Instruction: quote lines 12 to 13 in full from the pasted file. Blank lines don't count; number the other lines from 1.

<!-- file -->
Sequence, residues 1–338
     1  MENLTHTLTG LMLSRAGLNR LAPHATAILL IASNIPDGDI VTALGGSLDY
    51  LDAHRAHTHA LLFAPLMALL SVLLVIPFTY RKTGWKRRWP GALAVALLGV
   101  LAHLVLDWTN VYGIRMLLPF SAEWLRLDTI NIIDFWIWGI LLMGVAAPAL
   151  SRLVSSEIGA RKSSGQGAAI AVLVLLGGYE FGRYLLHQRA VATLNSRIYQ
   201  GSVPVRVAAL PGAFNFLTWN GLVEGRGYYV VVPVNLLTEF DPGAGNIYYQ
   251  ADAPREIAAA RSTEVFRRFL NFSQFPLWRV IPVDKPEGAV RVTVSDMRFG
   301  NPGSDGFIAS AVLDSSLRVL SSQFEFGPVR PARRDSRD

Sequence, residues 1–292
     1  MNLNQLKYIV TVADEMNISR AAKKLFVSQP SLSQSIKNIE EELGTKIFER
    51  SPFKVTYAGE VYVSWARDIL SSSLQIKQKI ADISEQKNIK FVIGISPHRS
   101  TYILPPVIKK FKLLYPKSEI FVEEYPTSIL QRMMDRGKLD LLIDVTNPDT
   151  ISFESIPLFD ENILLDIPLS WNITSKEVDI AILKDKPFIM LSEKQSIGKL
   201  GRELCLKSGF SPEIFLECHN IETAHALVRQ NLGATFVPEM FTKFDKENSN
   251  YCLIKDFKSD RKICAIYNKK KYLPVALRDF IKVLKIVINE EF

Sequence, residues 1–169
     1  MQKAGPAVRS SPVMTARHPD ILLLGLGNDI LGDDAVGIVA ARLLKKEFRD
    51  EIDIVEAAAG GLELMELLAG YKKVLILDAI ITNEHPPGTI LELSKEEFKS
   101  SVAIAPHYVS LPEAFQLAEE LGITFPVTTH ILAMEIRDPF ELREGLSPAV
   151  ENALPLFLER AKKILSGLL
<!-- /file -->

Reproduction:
   101  TYILPPVIKK FKLLYPKSEI FVEEYPTSIL QRMMDRGKLD LLIDVTNPDT
   151  ISFESIPLFD ENILLDIPLS WNITSKEVDI AILKDKPFIM LSEKQSIGKL